Reaffirming further that a peaceful, stable and enabling political, social and economic environment at both the national and international levels is the essential foundation that will enable States to give adequate priority to food security and poverty eradication,

Determined to take new steps forward in the commitment of the international community with a view to achieving substantial progress in the realization of the right to food through an increased and sustained effort of international cooperation and solidarity, with a view to building a community of shared future for humanity,

Reiterating, as in the Rome Declaration on World Food Security and the Declaration of the World Food Summit: five years later, that food should not be used as an instrument of political or economic pressure, and reaffirming in this regard the importance of international cooperation and solidarity, and the necessity of refraining from unilateral measures that are not in accordance with international law and the Charter of the United Nations and that endanger food and nutrition security,

Convinced that each State must adopt a strategy consistent with its resources and capacities to achieve its individual goals in implementing the recommendations contained in the Rome Declaration on World Food Security and the World Food Summit Plan of Action and, at the same time, cooperate regionally and internationally in order to organize collective solutions to global issues of food security in a world of increasingly interlinked institutions, societies and economies, where coordinated efforts and shared responsibilities are essential,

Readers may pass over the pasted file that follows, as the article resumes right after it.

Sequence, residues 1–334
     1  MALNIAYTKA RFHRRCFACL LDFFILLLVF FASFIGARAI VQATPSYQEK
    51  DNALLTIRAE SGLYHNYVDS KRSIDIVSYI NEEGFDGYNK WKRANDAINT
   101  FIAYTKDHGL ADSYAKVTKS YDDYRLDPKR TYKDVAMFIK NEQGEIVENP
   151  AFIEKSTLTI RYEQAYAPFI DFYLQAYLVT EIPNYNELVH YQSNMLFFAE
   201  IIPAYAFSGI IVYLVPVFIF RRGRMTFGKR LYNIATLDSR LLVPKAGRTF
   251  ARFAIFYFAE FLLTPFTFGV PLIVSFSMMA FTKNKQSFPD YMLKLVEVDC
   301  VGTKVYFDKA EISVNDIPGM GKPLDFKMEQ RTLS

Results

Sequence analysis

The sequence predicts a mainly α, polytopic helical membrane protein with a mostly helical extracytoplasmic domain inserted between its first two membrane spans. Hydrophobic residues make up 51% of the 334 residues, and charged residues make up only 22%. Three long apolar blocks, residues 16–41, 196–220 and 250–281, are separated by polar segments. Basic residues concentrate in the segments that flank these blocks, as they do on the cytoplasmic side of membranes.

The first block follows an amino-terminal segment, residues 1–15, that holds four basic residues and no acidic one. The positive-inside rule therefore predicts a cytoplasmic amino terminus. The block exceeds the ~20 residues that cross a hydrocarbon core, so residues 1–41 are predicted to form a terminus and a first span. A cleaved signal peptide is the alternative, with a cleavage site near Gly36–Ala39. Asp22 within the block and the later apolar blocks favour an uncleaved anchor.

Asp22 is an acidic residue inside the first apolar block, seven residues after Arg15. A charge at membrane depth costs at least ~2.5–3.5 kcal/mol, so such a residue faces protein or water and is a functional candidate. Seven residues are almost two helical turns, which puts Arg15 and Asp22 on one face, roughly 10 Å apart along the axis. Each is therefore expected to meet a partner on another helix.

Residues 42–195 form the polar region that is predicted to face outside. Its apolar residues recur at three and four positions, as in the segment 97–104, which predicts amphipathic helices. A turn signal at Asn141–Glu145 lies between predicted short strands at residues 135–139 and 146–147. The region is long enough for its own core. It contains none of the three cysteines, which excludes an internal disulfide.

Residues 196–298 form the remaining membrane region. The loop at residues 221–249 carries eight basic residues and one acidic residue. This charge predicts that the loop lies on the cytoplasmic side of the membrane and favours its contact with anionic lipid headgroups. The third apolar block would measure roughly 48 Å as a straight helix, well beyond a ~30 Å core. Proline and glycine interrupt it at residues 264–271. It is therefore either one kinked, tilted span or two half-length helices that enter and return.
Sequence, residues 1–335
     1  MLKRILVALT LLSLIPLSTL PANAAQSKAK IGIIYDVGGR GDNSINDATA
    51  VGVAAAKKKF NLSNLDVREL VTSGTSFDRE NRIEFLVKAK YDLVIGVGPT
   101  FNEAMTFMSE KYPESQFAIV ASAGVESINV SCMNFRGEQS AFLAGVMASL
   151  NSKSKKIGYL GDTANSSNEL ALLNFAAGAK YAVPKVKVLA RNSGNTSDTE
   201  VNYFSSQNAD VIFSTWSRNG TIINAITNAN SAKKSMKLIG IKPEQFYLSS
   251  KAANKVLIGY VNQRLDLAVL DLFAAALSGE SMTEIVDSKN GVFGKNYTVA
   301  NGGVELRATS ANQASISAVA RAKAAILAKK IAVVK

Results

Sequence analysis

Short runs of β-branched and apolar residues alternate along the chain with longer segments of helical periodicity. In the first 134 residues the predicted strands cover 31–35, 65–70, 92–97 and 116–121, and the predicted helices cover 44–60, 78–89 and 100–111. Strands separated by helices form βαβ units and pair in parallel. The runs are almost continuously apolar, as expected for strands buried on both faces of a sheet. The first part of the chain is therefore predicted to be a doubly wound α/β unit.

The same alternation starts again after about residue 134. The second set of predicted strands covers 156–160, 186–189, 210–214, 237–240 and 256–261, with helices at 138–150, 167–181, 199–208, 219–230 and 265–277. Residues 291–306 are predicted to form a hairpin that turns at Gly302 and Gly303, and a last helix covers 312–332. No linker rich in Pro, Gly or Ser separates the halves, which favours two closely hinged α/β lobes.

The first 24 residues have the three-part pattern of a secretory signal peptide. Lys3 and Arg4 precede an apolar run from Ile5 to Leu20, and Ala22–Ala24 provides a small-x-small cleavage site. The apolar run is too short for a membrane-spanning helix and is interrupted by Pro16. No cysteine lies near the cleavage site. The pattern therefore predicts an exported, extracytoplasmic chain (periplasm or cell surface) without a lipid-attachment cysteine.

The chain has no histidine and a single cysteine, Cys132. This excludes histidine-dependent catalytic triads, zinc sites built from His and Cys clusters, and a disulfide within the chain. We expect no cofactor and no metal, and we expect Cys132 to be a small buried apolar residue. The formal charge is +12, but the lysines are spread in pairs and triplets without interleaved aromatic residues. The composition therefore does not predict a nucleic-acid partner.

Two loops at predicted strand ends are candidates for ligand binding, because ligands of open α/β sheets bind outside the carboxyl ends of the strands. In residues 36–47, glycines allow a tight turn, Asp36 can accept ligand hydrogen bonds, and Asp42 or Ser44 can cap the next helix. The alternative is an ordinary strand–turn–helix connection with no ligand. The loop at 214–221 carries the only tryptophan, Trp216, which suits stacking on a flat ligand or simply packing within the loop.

Reaffirming that food security is a national responsibility, and that any plan for addressing food security challenges must be nationally articulated, designed, owned and led, and built on consultation with all key stakeholders, and recognizing the commitment to strengthening the multilateral system in the channelling of resources and in the promotion of policies dedicated to fighting hunger and malnutrition,

Recognizing the complex character of food insecurity and its likely recurrence owing to a combination of several major factors, such as the effects of the global financial and economic crisis, environmental degradation, desertification and the impact of global climate change, as well as poverty, natural disasters, armed conflicts, drought, volatility in commodity prices and the lack in many countries of the appropriate technology, investment and capacity-building necessary to confront its impact, particularly in developing countries, least developed countries and small island developing States, and the need for coherence and collaboration between international institutions at the global level,

Recognizing also the need to urgently assist some African countries that are facing drought, starvation and famine threats that could affect millions of people, most of whom are women and children, who risk losing their lives,

Resolved to act to ensure that the promotion, protection and fulfilment of all human rights is taken into account at the national, regional and international levels in measures to address the realization of the right to food,